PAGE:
Politics & Comment

I comment regularly on British and American politics, with a broad focus on foreign policy. I also maintain a particular expertise in the internal workings of the Conservative Party. I have contributed columns to most major British newspapers, starting my career at The Spectator, and am currently most likely to be found at The Financial Times and The Guardian, as well as number of US outlets. I have recently joined the Board of Index on Censorship.

In addition to my perspective as an intellectual historian, I also have a strong hinterland in the Anglican church, and write regularly on issues of faith and ethics. Much of my insight into British politics has been shaped by my time as part of the team responsible for establishing Bright Blue, the think tank associated with the Tory modernisation agenda. In 2014, I published a collection of essays with Ryan Shorthouse on the future of the Conservative Party, entitled The Modernisers’ Manifesto, for Bright Blue. 

I have also made available here the three articles I wrote in late 2017 about Damian Green MP, which formed part of the #metoo movement and eventually led to his resignation as First Secretary of State. Originally published behind paywalls, they were widely reported in more sensationalist terms and it is important to me that my own words on the matter are publicly available.

Like most people who write for newspapers, I have no control over the headlines added to my articles. So I sometimes post articles here with my own choice of headlines, when I feel strongly that the published headlines are inappropriate.

Michael Portillo: My Teenage Poster Boy

Posted on May 8, 2017 | 0 comments

written as part of a panel at The Guardian, 8 May 2017:  ‘what political hero graced your bedroom walls as a child? Our writers confess’ Kate Maltby: Michael Portillo’s hopelessness appealed to me. On 2 May 1997, I was 11. New Labour had just won a landslide victory. I went into primary...

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Row over BBC royal play ignores its subtle message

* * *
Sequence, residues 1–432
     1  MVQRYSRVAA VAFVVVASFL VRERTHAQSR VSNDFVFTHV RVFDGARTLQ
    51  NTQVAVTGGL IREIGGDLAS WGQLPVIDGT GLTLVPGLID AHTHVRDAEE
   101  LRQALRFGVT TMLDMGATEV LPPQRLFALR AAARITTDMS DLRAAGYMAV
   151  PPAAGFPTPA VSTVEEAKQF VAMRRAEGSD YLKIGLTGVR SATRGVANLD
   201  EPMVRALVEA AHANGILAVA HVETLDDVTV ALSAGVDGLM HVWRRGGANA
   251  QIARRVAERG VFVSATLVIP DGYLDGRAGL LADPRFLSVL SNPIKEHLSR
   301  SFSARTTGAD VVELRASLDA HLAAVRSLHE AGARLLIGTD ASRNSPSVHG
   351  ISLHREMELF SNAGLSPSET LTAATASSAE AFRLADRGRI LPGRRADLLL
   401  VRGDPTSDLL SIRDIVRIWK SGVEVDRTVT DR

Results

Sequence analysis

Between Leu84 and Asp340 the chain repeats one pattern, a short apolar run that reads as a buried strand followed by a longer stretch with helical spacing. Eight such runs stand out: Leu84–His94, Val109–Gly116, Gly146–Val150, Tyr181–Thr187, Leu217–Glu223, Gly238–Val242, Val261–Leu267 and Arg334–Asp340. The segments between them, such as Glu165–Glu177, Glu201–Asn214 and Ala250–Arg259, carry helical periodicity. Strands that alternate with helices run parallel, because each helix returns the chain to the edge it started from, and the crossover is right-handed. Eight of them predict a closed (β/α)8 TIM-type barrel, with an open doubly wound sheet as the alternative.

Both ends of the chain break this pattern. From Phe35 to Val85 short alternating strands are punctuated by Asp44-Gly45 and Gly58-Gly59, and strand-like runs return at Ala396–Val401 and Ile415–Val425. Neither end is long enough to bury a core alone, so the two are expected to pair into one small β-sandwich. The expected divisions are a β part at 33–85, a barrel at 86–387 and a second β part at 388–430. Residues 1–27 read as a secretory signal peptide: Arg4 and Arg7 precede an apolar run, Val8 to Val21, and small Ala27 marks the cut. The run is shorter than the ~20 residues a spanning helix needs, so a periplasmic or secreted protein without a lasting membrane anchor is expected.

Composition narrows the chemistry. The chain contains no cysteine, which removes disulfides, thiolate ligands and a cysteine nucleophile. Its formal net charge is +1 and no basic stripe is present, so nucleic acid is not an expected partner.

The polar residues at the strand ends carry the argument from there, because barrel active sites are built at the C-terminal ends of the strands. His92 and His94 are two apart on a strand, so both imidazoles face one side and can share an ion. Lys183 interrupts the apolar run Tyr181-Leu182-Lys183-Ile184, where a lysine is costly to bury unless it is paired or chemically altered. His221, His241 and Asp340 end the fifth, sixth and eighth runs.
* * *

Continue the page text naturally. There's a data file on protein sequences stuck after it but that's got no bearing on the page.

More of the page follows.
Posted on May 6, 2017 | 0 comments

written for The Financial Times, 6 May 2017 For many years following the 1534 Treason Act of Henry VIII, it was a capital offence in England not merely to “compass” the death of the monarch but to predict, foretell or plan for it. This caused some consternation among the doctors ordered to give Henry a...

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Philip Hammond’s budget – our writers give their views

Posted on Mar 8, 2017 | 0 comments

written as part of a panel at The Guardian, 8 March 2017 Kate Maltby: This could be 2017’s pasty tax Within a few days of Theresa May’s election as Tory leader, Hammond’s main role as chancellor became clear. He toured the City, giving speeches to business executives, reassuring them that the...

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Should MPs follow Jeremy Corbyn’s example and release their tax returns?

Posted on Mar 6, 2017 | 0 comments

written as part of a panel at The Guardian, 6 March 2017 Kate Maltby: This is gesture politics – and futile anyway As a rule, the British left is suspicious of the rituals of US politics – the American game is a showy media circus, easily manipulated by cynical millionaires. Even by British standards....

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The Tory failure to take on Trump is not just shameful: it’s bad politics

Posted on Feb 10, 2017 | 0 comments

  written for The Guardian, 10 February 2017 Nazi comparisons are two a penny these days, but when they come from self-loathing Tory MPs, they still carry a certain flair. On Wednesday, amid Brexit votes and rumours of a Labour leadership challenge, the British government quietly announced it was...

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‘Hamilton’ hype highlights our transatlantic differences

Posted on Jan 27, 2017 | 0 comments

written for the Financial Times, 27 January 2017 The Founding Fathers may have been American, but this week, with no apparent sense of irony, Theresa May made them British. Speaking to Republican leaders in Philadelphia, the prime minister had only praise for the signatories of the US Declaration of...

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